Video Imaging 

A Thrombus in 3D 
This is a three-dimensional image of a mouse artery which has developed a thrombus after laser-induced injury. The vessel wall is shown in blue, the platelet thrombus is in red, and fibrin deposits are shown in green.

Platelets Activating at the site of Injury
Upon injury of a blood vessel, platelets (green) accumulate to repair the damage. Platelets are recruited to the site of injury, and then begin to display different receptors, such as P-selectin, on their outer surface. These activated platelets are shown in yellow.

Thrombus Formation in Real Time
Using intravital microscopy, it is possible to visualize thrombus formation in a live mouse in real time. A laser is used to damage the blood vessel of an anesthetized mouse, and then fluorescent antibodies are used to visualize the growing thrombus. The laser damages the vessel wall such that the endothelial cell layer is exposed to the blood stream. The endothelial cell layer expresses Tissue Factor (green) which, upon exposure to plasma, begins the necessary steps to recruit platelets (red) to the site of injury. Activated platelets release the necessary components to further recruit more platelets, as well as begin to form a fibrin clot (blue) which acts as a patch to repair the injury.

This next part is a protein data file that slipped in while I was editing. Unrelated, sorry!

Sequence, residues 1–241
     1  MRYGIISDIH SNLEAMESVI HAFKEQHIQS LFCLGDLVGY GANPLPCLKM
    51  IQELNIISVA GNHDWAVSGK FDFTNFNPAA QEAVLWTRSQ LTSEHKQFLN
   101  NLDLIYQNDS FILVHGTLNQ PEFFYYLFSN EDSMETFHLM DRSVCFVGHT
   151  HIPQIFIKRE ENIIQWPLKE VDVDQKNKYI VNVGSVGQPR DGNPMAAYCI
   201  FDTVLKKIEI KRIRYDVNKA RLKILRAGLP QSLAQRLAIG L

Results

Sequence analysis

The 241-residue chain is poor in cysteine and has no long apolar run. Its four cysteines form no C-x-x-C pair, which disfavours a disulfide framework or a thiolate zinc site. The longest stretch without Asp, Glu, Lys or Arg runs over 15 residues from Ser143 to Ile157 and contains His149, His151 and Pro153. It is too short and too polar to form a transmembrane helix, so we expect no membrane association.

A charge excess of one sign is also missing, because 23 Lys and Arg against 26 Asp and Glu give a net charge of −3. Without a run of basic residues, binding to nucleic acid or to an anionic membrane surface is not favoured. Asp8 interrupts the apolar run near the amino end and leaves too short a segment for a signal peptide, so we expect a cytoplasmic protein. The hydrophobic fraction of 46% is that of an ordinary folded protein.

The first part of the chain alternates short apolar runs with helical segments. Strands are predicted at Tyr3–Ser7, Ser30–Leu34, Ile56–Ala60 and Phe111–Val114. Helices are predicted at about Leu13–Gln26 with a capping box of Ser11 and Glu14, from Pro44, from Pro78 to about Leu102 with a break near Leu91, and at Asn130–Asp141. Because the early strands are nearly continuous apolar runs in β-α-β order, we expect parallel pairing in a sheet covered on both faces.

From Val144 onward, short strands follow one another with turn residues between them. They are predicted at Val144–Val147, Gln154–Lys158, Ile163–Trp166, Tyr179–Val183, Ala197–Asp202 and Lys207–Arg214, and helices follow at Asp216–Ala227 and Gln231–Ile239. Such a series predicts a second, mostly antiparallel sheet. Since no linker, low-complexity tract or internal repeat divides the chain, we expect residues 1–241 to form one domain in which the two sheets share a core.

PDI Accumulating at the site of Injury
Protein Disulfide Isomerase (PDI) is a crucial enzyme in the proper folding of proteins in the endoplasmic reticulum. More recently, however, PDI has been shown to also play a crucial role in the early stages of thrombus formation. This video shows that upon laser injury of the vessel wall, endothelial cells and platelets are activated, and PDI (green) is released from the inside of the cell and accumulates on the outside of the cell.

PDI Activity is Required for Thrombus Formation, and Removal of PDI Activity Results in Loss of Thrombus Formation
PDI plays a crucial role in the early stages of thrombus formation. Comparison of the two videos below show that in the video on the left, upon injury PDI (green) is released and platelets (red) accumulate to form a thrombus and repair the damage. However, the video on the right shows, that when the mouse is injected with an antibody that binds and inactivates PDI, this loss of enzymatic activity from PDI causes a complete abolishment of any thrombus formation. While the exact mechanism of the role of PDI is still unknown, it is the current hypothesis that PDI catalytically alters the thiol redox state of other proteins involved in this cascade, and this alteration is necessary for further downstream effects that lead to thrombus formation.